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This is the blog of Ian Rosales Casocot. Filipino writer. Sometime academic. Former backpacker. Twink bait. Hamster lover.


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Monday, March 20, 2006

entry arrow6:21 PM | Writers Tale #1

In the five years I've been seriously writing fiction, plus essays and some secret poetry on the side, I've met (and "experienced") many Filipino writers who have somehow shaped the trajectory of how I write. Some I can't meet in person anymore: Nick Joaquin was one, and in college, when I first stumbled upon "May Day Eve," he gave me my first writing insight: that sometimes style is substance. (Charlson Ong would soon say the same thing about my first story collection, Old Movies and Other Stories.) What do you have in "May Day Eve" after all but the simple but bitter love story between Agueda and Badoy Montiya, made fantastic by the author's tropical baroque style? The way Nick Joaquin bent time and continuance in that story astounded me. I was hooked on fiction for life.

This got me thinking last night, that maybe I'd like to do some small tribute to all those writers who somehow got me going. And I'd like to begin with Lakambini Sitoy.

In Montemar with Mom Edith Tiempo and Bing Sitoy

Everyone else calls her Bing. There's always something wondrously animated and mysterious about Bing: we've been out on many dinners in Dumaguete, and I still can't put my finger on it. My earliest memories of her are hazy -- notable only for one single defining characteristic: everytime I bring out a mental picture of her from my memories, she always wears a headband. Sometimes it is grey, most times it is red.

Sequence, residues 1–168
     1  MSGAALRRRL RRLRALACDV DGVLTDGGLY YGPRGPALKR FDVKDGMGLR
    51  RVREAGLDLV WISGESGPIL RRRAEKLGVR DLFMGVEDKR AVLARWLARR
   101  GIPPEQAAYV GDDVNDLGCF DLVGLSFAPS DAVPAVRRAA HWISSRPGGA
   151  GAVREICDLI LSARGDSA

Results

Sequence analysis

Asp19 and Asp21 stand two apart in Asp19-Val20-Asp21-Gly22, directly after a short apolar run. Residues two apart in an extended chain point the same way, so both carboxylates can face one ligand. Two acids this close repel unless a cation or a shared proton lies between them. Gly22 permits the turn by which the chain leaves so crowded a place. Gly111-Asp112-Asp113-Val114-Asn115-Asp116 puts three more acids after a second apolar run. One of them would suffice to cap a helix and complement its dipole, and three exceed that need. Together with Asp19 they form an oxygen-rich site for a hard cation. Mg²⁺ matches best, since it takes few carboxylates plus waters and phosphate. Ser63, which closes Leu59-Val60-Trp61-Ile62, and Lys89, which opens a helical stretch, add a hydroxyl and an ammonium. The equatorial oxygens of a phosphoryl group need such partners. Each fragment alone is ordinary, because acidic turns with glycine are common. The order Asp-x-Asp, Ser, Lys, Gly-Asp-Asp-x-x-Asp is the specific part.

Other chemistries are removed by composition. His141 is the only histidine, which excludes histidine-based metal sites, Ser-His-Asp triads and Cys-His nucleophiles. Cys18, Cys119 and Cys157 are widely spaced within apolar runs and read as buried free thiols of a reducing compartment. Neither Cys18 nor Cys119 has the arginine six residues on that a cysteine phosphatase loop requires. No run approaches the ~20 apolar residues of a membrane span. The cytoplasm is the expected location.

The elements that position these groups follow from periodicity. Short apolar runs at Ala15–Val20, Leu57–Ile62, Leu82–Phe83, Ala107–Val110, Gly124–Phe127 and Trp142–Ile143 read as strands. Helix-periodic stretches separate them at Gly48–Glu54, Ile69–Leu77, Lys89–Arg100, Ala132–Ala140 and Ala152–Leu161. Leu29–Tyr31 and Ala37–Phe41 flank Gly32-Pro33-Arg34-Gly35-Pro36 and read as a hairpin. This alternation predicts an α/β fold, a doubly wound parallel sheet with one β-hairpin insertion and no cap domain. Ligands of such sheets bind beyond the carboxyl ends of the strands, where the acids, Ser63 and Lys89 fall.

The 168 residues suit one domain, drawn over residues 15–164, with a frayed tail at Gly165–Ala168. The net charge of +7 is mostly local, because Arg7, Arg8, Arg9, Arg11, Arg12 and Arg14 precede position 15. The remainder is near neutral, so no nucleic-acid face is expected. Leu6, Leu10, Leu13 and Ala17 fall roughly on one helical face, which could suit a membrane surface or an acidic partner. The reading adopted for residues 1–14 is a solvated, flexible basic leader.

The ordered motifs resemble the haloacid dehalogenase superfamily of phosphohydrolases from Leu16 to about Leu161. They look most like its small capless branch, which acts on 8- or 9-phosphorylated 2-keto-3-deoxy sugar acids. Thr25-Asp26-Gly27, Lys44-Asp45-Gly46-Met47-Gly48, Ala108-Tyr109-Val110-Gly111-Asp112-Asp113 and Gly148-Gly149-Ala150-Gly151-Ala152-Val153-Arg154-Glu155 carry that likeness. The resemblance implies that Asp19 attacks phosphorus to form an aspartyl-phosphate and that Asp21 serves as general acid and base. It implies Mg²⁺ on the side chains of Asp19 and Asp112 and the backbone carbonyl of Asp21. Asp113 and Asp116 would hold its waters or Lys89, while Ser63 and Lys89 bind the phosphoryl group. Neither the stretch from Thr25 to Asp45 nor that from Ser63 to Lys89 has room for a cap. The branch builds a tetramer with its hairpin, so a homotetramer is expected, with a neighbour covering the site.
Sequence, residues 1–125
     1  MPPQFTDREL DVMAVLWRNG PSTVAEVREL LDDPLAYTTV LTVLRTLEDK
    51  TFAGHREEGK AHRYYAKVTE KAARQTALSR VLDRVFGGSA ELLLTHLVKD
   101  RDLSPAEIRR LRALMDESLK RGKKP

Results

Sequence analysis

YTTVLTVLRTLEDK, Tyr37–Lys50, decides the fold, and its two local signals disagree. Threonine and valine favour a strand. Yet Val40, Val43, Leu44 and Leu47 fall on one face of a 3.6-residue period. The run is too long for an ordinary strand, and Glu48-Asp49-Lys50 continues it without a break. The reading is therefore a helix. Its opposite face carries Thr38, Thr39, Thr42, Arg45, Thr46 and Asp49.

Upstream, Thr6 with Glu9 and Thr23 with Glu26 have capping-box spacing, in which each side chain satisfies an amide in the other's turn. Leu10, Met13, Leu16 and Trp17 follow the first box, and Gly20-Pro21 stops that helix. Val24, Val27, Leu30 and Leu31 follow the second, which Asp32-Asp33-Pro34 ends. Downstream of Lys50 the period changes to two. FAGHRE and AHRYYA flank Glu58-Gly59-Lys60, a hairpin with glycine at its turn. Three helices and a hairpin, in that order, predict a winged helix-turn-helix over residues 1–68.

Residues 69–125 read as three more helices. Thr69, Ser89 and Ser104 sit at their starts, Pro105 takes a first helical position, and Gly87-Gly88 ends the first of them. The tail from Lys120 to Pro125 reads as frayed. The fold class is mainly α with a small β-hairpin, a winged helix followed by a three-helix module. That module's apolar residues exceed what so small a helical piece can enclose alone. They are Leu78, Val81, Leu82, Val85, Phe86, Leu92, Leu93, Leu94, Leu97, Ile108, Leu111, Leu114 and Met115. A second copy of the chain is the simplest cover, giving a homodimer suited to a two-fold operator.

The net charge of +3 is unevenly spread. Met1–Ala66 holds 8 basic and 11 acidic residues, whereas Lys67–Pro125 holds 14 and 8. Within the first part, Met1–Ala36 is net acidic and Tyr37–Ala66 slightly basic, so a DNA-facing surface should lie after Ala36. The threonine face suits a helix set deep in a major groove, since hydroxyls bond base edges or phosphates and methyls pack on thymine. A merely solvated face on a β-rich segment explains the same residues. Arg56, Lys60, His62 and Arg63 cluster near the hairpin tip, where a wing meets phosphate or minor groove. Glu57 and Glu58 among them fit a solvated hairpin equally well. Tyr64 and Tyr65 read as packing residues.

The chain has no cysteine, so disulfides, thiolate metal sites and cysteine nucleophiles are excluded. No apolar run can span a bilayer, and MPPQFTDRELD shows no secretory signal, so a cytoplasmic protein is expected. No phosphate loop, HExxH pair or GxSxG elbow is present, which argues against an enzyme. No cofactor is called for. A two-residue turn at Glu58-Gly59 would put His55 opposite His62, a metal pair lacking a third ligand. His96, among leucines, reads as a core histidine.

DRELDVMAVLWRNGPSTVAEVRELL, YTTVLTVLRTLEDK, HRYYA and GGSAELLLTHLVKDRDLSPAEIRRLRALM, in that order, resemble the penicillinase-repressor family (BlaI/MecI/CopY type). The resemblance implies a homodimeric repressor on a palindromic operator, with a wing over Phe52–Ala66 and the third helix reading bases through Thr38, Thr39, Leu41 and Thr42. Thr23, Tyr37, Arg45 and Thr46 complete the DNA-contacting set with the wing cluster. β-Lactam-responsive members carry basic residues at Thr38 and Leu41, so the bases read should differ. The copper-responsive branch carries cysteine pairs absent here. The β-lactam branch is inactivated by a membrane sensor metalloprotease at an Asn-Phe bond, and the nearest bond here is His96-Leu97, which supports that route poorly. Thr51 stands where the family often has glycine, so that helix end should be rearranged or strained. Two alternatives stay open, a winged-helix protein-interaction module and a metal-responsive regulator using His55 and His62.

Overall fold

I have two theories to explain this. When I was growing up in Dumaguete, she was already the consummate campus Renaissance woman, daughter of the well-respected University pastor who was also a very good writer. Bing seemed to be into everything. Her stories were already being published everywhere. And she was president of the student government. This was during the heady, radical days of the 1980s. I remember walking home from school one day, and she was out in the street with a bunch of other students. They were all bearing placards, and Bing was on the bullhorn, coaxing students to join them in some kind of protest. I think she was wearing that headband that day.

But she could have been wearing that headband, too, on a photo of hers that got published in one of the issues of The Sillimanian Magazine.